Hence there are two similar situations, one involving the nervous system and the other the specific immune response.  Both concern inappropriate encounters with information which fail to integrate well with how that information is presented in a less formal and more widespread situation.

Now, taking this out of the abstract, a parallel emerges between mainstream consensus on health and education when considered in this way, both rather contentious.  With education, there seems to be a presumption that information is best assimilated when taken out of its environment, modified and presented to the child’s central nervous system in an artificial context.  With health, the same situation occurs when antigens are thought to provoke an appropriate immune response when removed from their environment, modified and presented to the specific immune response.  These processes have much in common.  They are both institutional processes of abstraction of information which strike me as inappropriate because they are likely to lead to poor fits between the human being and her environment.

More specifically, excessive hygiene and immunisation, like schooling, can involve the inappropriate presentation of information to the organism.  Excess hygiene is like sensory deprivation or boredom.  The long-term response can be surprisingly maladaptive.  It has unforeseen consequences such as self-defeating attitudes to learning and conditions where the body overreacts to otherwise harmless stimuli such as nuts.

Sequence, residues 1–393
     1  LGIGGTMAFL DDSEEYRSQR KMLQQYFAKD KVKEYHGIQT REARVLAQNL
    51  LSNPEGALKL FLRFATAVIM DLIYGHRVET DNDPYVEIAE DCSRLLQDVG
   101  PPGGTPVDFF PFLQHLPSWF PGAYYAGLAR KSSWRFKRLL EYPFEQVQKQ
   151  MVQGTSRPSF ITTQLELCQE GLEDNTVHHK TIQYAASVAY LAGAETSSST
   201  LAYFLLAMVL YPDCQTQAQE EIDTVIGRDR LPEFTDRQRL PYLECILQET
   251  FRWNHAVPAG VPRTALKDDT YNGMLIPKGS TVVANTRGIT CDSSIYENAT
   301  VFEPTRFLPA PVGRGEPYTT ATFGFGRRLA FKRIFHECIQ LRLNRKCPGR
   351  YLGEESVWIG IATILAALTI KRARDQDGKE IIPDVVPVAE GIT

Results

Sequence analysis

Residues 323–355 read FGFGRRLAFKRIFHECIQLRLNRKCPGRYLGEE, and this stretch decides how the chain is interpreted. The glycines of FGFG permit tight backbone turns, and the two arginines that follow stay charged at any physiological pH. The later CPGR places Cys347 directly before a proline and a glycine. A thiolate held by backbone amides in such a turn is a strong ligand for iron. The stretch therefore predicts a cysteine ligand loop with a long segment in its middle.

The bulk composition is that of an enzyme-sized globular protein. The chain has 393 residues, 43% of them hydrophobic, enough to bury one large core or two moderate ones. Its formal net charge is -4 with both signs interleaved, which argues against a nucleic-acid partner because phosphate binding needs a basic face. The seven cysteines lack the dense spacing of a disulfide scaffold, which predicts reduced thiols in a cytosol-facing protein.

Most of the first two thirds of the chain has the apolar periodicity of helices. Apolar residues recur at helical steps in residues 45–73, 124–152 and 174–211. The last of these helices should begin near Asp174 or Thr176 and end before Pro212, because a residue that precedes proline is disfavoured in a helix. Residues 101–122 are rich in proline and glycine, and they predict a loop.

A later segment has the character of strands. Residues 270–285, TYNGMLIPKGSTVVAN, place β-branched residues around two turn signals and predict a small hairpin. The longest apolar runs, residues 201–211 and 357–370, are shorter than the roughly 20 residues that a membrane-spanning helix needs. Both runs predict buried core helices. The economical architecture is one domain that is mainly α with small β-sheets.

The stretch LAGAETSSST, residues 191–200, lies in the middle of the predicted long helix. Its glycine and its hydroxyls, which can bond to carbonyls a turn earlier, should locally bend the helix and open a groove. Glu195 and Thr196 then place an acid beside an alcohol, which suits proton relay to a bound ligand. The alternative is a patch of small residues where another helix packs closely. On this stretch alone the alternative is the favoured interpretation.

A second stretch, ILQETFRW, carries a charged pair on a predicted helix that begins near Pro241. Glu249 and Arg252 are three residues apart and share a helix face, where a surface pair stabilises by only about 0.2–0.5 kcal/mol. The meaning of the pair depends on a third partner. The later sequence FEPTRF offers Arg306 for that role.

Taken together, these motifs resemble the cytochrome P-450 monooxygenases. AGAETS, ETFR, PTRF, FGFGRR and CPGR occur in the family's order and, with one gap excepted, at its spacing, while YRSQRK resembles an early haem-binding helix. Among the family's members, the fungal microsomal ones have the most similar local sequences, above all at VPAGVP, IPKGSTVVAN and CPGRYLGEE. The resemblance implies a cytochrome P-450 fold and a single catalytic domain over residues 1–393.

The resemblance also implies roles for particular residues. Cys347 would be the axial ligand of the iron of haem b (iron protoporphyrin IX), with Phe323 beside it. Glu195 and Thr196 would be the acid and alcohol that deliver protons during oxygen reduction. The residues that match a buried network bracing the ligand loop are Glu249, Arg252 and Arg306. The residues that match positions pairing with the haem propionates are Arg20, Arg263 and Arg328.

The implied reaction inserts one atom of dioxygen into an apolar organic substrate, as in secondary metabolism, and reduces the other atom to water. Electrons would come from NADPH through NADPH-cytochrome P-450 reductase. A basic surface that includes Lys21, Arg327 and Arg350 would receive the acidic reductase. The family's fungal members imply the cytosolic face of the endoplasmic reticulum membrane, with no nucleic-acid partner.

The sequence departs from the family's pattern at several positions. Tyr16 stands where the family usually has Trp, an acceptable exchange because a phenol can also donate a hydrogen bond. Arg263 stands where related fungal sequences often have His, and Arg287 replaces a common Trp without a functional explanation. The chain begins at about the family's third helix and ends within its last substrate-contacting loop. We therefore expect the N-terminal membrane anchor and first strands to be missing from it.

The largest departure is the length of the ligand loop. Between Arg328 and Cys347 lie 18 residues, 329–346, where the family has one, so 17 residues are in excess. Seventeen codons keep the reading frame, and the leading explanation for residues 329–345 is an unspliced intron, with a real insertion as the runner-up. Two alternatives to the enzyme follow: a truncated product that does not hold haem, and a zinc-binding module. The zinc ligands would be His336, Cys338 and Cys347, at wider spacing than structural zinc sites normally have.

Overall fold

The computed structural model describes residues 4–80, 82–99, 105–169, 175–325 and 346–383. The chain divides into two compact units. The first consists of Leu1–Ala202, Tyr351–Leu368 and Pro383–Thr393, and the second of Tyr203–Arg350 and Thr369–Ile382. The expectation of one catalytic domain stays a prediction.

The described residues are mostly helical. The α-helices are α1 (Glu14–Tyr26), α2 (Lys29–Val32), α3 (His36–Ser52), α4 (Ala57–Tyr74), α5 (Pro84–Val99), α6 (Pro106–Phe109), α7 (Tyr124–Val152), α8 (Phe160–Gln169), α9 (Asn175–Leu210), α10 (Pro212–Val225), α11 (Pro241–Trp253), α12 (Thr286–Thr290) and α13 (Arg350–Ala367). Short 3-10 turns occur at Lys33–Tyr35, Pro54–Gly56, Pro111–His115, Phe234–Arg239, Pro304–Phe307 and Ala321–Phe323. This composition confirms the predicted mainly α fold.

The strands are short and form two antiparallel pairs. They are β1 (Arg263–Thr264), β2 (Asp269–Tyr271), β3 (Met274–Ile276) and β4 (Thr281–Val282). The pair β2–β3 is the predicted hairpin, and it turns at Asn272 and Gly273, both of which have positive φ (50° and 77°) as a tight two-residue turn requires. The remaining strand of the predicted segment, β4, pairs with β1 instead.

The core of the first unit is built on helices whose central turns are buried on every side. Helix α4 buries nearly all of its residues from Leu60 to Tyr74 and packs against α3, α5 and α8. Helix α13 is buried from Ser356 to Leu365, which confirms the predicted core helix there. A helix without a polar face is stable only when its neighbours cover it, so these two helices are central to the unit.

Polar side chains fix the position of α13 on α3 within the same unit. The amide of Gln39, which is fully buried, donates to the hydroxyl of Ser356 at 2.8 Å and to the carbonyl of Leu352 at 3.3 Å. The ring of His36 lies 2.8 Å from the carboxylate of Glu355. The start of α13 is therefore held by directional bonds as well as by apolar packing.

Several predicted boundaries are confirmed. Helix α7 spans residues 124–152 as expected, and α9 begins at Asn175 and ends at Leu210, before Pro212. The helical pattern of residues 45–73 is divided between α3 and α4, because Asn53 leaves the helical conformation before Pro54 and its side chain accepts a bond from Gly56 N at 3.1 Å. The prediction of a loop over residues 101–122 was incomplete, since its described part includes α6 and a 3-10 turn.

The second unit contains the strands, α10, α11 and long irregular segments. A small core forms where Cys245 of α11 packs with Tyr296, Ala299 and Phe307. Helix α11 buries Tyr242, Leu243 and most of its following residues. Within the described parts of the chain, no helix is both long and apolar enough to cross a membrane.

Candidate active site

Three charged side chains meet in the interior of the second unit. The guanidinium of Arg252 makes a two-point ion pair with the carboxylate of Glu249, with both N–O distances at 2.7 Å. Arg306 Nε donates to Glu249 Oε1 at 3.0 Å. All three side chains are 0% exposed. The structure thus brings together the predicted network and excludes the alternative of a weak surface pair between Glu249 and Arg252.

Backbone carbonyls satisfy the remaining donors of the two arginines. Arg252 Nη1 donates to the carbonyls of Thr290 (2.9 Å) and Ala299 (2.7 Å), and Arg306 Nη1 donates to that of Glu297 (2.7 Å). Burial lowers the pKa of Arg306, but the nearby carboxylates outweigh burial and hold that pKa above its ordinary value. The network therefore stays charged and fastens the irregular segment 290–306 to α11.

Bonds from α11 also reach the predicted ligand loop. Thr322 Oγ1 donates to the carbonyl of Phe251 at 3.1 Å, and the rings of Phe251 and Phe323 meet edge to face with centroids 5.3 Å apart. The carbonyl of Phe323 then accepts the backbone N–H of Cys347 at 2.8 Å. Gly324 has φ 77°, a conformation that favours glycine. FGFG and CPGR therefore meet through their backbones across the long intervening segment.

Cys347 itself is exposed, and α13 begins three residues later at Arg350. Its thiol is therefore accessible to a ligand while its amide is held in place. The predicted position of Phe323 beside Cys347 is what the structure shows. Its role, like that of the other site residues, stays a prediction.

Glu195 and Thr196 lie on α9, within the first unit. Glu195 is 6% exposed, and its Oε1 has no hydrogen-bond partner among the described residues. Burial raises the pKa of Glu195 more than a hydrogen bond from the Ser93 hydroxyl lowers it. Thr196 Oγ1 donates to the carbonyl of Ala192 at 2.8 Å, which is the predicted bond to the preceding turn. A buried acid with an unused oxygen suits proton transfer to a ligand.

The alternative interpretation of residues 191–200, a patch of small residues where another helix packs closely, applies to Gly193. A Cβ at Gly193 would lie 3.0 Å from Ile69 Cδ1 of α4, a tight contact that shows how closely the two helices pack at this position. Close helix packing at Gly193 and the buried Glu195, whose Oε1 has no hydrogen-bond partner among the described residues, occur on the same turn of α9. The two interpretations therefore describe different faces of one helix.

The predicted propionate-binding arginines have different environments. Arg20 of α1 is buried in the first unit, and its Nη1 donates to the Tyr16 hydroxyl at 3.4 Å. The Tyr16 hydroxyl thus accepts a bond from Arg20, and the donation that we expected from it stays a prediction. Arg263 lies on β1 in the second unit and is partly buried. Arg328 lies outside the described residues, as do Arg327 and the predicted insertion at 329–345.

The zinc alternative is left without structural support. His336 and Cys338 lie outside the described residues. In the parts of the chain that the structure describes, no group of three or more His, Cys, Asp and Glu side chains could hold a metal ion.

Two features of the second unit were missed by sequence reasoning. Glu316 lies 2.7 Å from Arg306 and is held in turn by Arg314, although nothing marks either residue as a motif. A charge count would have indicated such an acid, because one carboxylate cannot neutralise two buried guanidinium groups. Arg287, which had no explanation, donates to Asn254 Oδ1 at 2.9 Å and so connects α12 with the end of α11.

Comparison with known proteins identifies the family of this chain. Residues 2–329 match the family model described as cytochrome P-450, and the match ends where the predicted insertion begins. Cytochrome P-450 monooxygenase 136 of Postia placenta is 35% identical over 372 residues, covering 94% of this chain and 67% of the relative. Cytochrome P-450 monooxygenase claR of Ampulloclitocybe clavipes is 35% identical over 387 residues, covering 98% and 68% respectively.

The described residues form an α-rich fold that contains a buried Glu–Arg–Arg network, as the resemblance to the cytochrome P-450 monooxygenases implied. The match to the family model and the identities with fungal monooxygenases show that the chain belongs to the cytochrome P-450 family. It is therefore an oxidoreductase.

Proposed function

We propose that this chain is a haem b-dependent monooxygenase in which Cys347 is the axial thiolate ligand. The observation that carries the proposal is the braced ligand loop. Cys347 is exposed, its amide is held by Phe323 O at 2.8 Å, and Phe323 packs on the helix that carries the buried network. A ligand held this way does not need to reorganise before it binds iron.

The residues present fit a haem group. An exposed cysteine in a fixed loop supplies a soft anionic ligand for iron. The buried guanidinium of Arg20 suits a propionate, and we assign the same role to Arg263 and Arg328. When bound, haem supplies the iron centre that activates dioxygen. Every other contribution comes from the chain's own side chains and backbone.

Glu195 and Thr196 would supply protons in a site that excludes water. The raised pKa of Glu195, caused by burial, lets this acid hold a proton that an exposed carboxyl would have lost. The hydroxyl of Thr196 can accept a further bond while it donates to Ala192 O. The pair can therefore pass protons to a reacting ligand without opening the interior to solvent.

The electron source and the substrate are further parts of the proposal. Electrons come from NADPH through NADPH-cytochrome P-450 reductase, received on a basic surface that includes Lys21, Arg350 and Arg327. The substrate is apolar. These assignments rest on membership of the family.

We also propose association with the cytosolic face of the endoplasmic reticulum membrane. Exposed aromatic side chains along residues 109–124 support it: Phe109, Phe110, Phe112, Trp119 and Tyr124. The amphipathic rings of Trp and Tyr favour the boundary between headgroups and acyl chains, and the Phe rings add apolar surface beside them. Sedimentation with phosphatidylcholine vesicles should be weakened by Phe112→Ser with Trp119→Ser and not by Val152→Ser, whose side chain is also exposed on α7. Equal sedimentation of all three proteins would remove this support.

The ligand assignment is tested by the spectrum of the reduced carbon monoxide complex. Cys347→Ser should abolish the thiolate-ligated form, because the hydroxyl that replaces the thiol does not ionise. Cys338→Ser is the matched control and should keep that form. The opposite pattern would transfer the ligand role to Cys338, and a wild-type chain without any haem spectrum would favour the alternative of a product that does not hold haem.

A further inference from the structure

Another system left out of this is the endocrine.  Like immunity and learning, this keeps us healthy inside through the transfer of information, and it too can “learn”.  The question arises of whether there are similarly inappropriate institutional factors which influence the endocrine system.  One might be the over-prescription of steroids.

One final comment.  Although there is much overlap, plenty of people who oppose vaccination send their children to school and plenty of children who don’t go to school have been vaccinated.  Clearly parents have made decisions in both situations which they regard as appropriate and were taken in good faith.  Even so, the parallels are interesting and suggest links between health and education which may be positive or negative.  However, it’s important to acknowledge that the connection exists, and that it may apply elsewhere.  I also wonder if the mutual hostility between the pro- and anti-vaccination camps, which is as big a problem as the issues themselves, is echoed in mutual hostility with respect to education.